Chromium allergy, what is it?

Chromium allergy is far less known than Nickel allergy. Nevertheless, this metal can set off an allergic contact eczema, just as Nickel does.

While allergies to costume jewelry and piercings are relatively easy to identify by those who suffer from them, Chromium allergy can sometimes be difficult to diagnose. Yet, many objects contain Chromium and this allergy can be very severe. It is sometimes difficult to identify the presence of Chromium, because these objects are not always made of metal.

If you take the example of leather, Chromium salts are often used for the tanning, mostly for poor quality leathers. The small spots that appear on your skin when you are wearing your watch are not necessarily caused by a heavy perspiration,  but can also be the consequence of the presence of chromium in the bracelet.

Chromium is also found in pigments used in cosmetics. A green or yellow color is generally the sign of chromate ions. Clothes in these colors often also contain some.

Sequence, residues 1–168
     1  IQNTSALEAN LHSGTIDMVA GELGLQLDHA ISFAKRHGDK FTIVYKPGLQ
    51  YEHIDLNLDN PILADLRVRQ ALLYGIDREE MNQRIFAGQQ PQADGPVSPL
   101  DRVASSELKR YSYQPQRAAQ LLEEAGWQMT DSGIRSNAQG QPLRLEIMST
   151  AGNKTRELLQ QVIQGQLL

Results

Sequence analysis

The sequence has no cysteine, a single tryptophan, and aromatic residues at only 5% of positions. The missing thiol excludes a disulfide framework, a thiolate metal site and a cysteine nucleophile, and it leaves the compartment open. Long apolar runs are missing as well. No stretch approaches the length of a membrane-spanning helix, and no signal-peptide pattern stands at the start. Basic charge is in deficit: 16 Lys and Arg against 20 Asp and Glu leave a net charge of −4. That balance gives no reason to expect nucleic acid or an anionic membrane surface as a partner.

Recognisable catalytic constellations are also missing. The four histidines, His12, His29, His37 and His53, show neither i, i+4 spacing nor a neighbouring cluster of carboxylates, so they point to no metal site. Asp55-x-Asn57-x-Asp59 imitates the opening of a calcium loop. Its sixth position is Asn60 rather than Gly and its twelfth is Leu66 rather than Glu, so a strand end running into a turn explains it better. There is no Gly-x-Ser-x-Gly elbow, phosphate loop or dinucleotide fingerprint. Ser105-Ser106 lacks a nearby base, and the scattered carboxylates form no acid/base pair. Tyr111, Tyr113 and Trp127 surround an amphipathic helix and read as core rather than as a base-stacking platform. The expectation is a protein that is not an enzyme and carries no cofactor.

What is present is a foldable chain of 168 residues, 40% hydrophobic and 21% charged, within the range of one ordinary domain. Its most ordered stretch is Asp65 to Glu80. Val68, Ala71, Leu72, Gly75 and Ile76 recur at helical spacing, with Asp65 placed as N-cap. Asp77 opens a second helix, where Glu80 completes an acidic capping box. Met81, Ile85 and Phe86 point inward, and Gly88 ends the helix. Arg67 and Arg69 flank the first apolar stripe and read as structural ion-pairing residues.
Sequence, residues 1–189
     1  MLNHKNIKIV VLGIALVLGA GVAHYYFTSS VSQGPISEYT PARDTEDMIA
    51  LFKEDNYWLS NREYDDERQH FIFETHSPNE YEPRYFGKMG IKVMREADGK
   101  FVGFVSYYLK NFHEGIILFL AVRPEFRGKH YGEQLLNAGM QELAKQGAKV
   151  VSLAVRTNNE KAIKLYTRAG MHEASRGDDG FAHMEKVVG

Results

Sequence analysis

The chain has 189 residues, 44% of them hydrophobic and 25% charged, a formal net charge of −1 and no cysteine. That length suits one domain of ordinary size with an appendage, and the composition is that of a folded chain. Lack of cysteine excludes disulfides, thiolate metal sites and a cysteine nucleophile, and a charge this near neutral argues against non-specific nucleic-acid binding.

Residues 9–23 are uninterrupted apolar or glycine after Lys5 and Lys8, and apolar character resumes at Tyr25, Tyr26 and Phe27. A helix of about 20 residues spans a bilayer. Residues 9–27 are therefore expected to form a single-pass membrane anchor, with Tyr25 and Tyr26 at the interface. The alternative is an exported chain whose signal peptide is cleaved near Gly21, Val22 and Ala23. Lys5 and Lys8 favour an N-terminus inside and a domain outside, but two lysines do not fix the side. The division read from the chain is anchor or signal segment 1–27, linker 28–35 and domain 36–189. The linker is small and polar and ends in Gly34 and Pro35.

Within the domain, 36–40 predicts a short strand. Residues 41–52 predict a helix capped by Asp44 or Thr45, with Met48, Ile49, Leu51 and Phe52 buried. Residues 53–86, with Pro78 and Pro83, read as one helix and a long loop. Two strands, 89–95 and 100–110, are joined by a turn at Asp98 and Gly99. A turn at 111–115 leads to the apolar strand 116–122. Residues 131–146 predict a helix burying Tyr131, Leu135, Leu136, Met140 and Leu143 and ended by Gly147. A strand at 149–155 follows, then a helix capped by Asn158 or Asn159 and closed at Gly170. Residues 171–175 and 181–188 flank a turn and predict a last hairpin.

For allergic persons, the high Chromium content of some foods can also cause allergic reactions. Several foods contain a high level of Chromium: tomatoes, broccoli, lettuce, turnips, radish…

To limit your skin exposition to Chromium, you need to avoid as much as possible the sources of exposition. This is unfortunately not always possible, and you therefore need systems which minimize contact. Gloves or clothes can protect the skin, but cannot stop metals from penetrating the skin when they are conducted by perspiration for example. The Protective Cream HPS helps to protect the skin from contact with these irritants, by capturing specifically the metals, including chromium. It is trapped at the surface of the epidermis, and cannot penetrate the skin, thus minimizing the risks of allergic contact reactions.

Recommended skin care for Chromium allergy

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